|dc.description.abstract||This thesis is a study of therapeutic music programmes in post-war Bosnia and
Herzegovina. This study focuses on how different participant groups perceive programme
aims and benefits and what these different perceptions reveal about the programmes
as well as ways in which the local context impacts the programmes. Analysis
is based on data gathered through interviews, observation, participant observation, and
questionnaires obtained during five fieldwork visits undertaken between November
2003 and November 2004.
While all participant groups agree that the programmes are beneficial, there are important
differences in the ways different participant groups perceive programme benefits
and the different ways in which the programmes approach sessions. Constructions
of therapy appear to differ both between programmes and between international and
All participant groups identified improved client communication and social skills
as primary session outcomes. Clients appear to be largely unaware of the therapeutic
aims of their sessions. Parents appear to have little influence and are not always notified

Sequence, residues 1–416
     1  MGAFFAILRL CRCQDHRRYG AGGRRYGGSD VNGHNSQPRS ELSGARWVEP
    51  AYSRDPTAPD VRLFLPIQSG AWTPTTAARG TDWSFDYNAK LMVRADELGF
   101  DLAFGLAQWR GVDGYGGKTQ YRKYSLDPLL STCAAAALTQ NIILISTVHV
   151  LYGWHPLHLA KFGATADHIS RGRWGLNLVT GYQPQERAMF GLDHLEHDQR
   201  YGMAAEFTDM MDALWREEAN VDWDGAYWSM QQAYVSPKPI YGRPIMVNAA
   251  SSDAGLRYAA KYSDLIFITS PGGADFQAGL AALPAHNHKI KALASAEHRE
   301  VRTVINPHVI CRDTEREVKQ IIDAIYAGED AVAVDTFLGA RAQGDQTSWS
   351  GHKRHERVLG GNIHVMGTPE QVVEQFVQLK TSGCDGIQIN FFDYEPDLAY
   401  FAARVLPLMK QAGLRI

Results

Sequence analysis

that their children are involved with the programmes. International staff members
appear to be intolerant of parents who do not heed their advice or reinforce progress
made during sessions.
In addition to running therapeutic sessions, these programmes work to increase
inter-ethnic tolerance and to improve the skills of other local professionals. Programme
success appears to be hindered by uncertainties inherent in working in a post-war environment.
Developed and largely influenced by internationals, the programmes also
face uncertainty as to whether they possess the necessary local leadership and ownership
for long-term sustainability.
There is evidence that tensions within, between, and outwith the programmes limit
programme potential. Many of these tensions appear to be tied to local-international
relations within programmes, which are exacerbated by national local-international
tensions. A funding shortage has contributed to a competitive rather than a cooperative
relationship between programmes.
As the first detailed study of post-war therapeutic music programmes, this study
has the potential to impact similar work in other regions and provides a more informed
backdrop against which judgements can be made regarding the role and appropriateness
of music as a form of therapy in post-war regions.||en